Bioisosteric similarity of drugs in virtual screening
© Michael C and Markus; licensee BioMed Central Ltd. 2010
Published: 04 May 2010
Choosing compounds for screening is difficult problem due the vast chemical space. The question is thus which compounds are most likely to be hits. The comparison of drugs that all target the same enzyme, however, shows reoccurring chemical modification throughout all therapeutic categories. These so-called bioisosteric replacements  comprise simple exchanges of terminal atoms as well as more complex structural modifications, such as ring closures or rearrangements of larger fragments. To detect and evaluate all kinds of replacements we have designed an approach that adopts the algorithmic concept used to assess the homology of amino acid sequences to chemical molecules. The mutual exchange frequencies between distinct atom types are expressed in a substitution matrix . Likewise, pair-wise alignment between the molecules is constructed using dynamic programming , with the compounds being represented as unique SMILES. To obtain the actual exchange frequencies, we refined an initial matrix based on observed chemical replacements  by collecting the generated alignments of 1353 drugs from 33 therapeutic categories in an automated procedure. To compute the mutual bioisosteric similarity between two molecules a specific function has been derived that makes use of the alignment .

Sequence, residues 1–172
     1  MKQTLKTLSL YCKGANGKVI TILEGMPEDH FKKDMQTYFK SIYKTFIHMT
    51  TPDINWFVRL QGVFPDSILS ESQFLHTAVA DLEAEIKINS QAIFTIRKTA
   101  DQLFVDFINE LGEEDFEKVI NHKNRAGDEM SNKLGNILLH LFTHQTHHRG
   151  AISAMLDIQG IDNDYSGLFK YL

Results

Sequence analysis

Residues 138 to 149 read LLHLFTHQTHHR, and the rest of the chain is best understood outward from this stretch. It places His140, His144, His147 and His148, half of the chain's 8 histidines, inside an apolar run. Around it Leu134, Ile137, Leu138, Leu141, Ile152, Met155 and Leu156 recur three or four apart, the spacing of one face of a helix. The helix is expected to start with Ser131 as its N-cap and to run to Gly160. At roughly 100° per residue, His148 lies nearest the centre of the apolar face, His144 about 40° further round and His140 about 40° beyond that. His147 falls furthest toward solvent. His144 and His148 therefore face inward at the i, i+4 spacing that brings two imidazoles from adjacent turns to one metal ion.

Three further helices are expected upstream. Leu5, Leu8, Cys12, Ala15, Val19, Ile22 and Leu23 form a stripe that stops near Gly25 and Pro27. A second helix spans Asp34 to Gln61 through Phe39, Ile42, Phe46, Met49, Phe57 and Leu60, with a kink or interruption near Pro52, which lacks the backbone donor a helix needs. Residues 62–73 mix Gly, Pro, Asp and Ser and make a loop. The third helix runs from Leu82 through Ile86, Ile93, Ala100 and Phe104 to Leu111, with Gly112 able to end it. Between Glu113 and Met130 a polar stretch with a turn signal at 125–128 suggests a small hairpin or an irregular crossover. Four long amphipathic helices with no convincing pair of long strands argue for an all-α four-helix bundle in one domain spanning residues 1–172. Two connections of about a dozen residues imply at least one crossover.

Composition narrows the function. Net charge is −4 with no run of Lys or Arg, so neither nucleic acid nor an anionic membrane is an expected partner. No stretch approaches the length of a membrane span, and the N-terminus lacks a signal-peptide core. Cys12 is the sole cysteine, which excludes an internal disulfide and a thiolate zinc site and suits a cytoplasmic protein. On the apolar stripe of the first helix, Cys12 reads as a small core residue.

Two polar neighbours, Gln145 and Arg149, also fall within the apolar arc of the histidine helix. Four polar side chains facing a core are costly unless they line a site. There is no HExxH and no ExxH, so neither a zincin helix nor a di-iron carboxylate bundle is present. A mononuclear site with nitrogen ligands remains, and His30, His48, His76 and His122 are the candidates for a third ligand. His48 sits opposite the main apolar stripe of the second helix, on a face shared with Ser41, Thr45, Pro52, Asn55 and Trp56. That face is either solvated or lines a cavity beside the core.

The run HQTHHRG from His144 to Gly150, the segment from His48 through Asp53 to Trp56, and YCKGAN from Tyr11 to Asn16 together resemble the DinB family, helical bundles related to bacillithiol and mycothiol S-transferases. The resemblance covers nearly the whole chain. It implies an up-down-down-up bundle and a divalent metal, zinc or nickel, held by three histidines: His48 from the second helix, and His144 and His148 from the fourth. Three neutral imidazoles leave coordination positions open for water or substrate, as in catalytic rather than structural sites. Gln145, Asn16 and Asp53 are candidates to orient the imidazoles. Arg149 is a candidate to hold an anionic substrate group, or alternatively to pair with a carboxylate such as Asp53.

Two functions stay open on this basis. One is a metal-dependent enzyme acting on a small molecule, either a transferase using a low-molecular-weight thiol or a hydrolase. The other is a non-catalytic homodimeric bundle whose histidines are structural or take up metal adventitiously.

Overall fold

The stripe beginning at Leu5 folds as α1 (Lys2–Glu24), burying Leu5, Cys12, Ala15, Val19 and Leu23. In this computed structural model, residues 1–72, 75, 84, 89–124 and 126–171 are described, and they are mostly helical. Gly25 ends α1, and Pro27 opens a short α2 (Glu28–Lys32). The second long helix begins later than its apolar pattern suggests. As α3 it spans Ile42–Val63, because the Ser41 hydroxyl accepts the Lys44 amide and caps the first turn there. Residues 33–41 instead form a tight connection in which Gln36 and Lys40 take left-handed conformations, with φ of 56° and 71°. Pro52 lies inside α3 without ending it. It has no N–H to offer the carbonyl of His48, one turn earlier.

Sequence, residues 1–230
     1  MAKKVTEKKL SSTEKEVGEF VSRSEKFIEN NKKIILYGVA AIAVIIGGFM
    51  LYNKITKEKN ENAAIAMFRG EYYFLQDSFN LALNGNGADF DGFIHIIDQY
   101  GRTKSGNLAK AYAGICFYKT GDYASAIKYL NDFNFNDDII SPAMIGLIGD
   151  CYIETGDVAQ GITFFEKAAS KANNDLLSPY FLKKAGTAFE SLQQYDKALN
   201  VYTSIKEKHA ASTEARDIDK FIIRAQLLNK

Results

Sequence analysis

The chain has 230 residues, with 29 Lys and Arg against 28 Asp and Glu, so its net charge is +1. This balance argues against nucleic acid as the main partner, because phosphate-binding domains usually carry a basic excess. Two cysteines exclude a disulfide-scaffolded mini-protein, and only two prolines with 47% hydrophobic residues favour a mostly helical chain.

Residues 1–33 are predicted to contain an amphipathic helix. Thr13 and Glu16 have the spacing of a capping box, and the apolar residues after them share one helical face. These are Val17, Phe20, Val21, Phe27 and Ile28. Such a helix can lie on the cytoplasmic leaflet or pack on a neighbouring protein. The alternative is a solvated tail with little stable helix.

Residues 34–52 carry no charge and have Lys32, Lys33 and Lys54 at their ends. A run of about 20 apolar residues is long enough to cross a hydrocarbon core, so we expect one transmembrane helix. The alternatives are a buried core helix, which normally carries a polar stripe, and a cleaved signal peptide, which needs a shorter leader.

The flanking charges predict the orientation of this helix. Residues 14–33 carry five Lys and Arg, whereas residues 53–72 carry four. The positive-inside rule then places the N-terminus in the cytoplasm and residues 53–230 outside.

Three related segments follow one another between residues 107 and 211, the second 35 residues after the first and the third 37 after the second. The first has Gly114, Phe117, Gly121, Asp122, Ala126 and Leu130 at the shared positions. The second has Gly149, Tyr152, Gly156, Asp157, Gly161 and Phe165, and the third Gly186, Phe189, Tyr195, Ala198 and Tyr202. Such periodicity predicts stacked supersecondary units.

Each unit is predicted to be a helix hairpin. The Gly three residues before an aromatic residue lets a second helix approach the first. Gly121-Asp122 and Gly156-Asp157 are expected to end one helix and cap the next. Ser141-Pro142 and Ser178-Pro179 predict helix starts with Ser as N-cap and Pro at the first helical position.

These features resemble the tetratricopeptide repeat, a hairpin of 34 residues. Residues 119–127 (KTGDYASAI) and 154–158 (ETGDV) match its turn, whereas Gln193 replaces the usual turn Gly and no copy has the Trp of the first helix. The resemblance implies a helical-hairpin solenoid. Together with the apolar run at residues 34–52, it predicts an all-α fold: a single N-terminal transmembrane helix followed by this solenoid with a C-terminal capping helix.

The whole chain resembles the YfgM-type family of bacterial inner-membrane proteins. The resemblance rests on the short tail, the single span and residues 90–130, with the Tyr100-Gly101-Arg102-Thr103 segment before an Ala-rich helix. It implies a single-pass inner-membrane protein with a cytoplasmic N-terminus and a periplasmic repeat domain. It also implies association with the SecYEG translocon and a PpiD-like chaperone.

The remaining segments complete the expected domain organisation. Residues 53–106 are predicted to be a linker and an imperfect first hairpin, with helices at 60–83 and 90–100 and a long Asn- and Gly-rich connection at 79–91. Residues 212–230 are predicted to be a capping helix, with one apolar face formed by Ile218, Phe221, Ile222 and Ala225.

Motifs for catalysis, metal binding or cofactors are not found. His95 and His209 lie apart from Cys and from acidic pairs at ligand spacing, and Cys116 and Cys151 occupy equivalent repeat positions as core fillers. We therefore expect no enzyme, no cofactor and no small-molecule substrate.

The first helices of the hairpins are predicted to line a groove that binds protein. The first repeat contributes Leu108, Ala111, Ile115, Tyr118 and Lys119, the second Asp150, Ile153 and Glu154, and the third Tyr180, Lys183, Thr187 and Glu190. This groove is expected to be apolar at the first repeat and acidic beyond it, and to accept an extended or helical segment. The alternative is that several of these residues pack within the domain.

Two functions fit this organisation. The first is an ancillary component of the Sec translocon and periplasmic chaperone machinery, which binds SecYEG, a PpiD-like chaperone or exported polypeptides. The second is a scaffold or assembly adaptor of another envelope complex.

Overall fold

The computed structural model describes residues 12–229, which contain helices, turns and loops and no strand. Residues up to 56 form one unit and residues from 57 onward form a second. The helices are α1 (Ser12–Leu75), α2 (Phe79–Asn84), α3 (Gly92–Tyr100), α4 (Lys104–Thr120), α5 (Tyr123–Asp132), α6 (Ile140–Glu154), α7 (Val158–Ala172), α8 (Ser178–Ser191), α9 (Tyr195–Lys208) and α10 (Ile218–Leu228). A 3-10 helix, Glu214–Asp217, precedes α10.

To asses the suitability of this bioisosteric similarity for virtual screening, we compared the recovery of known drugs against the background of other substances. The majority of drugs possess a higher similarity within the same class than compared to substances from the ZINC  or the Prous Science Drugs of the Future database . Likewise, drugs for the same target are usually recovered at higher values of similarities than compared to other methods based on most common substructure and fingerprint approaches. Moreover, nondrugs without any pharmaceutical function exhibit considerably lower similarities than actual drugs.
Furthermore, this bioisosteric similarity can be used to express the chemical diversity within a given compound class. We found that e.g. inhibitors of the HIV Reverse Transcriptase are more divers than Angiotensin-II Antagonists and Tetracycline Antibiotics.
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